a qu'antity of oil that had been contamin-
ated by plutonium was scooped up, placed
in a drum and trucked off from Rocky
Flats to the official AEC burial grounds.
En route, however, the drum began to
leak, contaminating over a mile of high-
way. The AEC's solution was to repave the
road. Unfortunately, plutonium's half-life
of 24.400 years is a good deal longer than
the full-life of asphalt, and many years
from now, when the roadbed wears away,
the hot plutonium will be exposed, to con-
taminate unborngenerations.
After the May 11 fire, local scientists
affiliated with the Colorado Committee for
Environmental Information (CCE) began
to be skeptical of the Dow and AEC scien-
tists. This independent group of college
professors and privately-employed scien-
tists asked the AEC to monitor Denver
area soil for possible plutonium contami-
nation from the fire.
In August 1969, Dow-AEC refused to
make the plutonium soil samples.
@PRamparts Magazine

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I

F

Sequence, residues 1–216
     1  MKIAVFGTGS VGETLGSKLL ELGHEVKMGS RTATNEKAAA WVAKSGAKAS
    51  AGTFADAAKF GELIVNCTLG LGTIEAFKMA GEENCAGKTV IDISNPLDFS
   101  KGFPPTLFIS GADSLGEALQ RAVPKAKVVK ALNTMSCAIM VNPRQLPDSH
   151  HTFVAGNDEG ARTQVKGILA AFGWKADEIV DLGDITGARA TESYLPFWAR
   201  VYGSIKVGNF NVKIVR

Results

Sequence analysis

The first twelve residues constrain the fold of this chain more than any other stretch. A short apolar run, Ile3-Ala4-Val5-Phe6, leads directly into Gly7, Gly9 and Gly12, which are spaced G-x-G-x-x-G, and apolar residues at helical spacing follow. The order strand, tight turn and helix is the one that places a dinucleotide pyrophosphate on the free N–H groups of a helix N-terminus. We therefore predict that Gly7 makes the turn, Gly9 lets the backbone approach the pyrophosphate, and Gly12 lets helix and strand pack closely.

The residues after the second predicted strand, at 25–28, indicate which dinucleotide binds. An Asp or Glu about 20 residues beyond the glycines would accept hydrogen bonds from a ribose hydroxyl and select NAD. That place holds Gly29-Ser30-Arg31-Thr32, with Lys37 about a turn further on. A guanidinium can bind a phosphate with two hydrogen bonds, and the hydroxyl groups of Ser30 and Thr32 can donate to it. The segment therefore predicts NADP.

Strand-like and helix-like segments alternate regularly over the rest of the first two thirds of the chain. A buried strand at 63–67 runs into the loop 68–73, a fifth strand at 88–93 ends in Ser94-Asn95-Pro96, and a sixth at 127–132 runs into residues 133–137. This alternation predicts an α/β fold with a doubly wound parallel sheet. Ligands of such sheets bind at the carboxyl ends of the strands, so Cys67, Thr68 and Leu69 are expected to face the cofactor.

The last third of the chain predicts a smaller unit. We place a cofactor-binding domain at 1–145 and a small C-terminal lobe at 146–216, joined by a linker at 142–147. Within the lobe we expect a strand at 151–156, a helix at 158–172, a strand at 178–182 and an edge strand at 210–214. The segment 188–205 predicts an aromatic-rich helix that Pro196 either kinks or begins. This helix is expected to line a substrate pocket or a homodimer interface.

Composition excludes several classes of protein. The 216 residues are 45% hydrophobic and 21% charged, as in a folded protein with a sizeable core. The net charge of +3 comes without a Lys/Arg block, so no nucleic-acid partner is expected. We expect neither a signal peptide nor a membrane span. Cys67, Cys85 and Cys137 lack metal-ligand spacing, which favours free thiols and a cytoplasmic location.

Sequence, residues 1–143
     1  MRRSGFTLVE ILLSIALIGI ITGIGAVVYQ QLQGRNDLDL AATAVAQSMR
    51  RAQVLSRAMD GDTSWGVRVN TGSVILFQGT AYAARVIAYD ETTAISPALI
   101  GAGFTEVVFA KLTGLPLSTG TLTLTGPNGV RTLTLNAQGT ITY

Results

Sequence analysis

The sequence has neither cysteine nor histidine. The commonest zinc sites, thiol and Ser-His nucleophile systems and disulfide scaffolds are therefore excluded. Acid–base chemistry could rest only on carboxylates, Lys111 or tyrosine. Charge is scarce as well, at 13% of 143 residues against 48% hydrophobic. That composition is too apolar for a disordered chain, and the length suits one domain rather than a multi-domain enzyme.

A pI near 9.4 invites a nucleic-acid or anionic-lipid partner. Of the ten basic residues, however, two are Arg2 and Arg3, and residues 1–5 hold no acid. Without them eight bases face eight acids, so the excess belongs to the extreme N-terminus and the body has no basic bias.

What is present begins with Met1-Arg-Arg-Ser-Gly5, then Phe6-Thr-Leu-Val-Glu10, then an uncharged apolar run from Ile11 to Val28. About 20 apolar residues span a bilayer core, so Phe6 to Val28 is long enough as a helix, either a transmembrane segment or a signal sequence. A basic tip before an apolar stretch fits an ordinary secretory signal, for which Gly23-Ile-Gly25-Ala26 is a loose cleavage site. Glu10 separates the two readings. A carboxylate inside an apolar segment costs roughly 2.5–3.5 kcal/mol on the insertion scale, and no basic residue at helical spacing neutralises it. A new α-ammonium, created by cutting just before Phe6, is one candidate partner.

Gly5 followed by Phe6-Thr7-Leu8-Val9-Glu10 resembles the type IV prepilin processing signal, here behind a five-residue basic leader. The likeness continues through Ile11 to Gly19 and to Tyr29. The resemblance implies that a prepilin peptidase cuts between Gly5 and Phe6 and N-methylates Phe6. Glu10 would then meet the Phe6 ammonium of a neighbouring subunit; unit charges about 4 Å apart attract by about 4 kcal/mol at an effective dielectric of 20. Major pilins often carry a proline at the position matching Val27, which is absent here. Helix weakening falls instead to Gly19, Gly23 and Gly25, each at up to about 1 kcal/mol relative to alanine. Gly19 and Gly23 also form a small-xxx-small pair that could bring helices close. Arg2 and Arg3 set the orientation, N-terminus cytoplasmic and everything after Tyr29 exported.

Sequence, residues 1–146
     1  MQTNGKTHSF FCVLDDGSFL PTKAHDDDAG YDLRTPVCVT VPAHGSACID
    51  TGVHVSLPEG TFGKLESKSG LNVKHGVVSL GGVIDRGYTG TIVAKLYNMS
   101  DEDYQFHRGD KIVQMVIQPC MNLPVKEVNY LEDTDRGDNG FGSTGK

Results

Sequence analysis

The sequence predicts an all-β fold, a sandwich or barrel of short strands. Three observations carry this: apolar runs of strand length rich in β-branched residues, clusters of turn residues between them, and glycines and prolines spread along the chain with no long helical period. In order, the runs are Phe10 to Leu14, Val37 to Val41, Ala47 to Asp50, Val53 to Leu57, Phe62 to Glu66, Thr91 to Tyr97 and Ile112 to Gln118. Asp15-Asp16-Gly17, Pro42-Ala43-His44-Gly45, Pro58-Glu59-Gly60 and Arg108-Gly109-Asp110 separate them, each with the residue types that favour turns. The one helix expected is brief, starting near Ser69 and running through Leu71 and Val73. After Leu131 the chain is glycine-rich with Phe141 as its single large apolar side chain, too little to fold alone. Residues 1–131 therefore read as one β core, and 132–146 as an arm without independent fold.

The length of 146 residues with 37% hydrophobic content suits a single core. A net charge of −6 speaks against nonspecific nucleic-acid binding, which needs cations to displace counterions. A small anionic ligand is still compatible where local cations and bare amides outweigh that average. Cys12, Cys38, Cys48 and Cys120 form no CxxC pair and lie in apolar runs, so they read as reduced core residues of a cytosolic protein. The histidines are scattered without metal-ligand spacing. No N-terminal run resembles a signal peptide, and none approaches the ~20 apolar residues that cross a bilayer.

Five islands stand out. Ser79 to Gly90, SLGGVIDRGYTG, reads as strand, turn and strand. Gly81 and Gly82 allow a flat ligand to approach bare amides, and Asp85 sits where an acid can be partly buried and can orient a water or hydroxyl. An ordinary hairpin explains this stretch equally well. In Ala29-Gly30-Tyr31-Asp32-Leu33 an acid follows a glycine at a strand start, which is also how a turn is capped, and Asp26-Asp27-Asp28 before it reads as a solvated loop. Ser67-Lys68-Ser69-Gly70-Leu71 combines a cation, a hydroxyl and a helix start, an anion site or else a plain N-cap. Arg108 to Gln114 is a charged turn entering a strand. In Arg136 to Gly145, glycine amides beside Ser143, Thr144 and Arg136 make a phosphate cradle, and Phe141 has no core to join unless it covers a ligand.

Letters to the Editor

Speaking of sanctuaries .. .

IN CLARIFYING the U.S. position in
Cambodia, President Nixon promised
the nation that U.S. c o m b a t troops
would not penetrate more than 21 miles
into Cambodia, and that they would be
totally withdrawn by June 30.
One promise has already been
broken, the other will be broken July 1.
Earlier this week, the 21 mile limit
was s ur p a s s e d when the U.S. an-
nounced it had begun bombing the
N o r t h Vietnamese headquarters 28
miles inside C a m b o d i a. Pentagon
sources put it another way saying that
the allied thrust has forced the North
Vietnamese to move their headquarters
beyond the 21 mile limit permitted
U.S. ground troops.
AS OF NOW, the Pentagon is content
to say that they can wipe out the

headquarters with air attacks. But next
week, the Pentagon will probably in-
form us that the North Vietnamese
moved their headquarters again, and
the combat troops will now be neces-
sary.
The North Vietnamese headquarters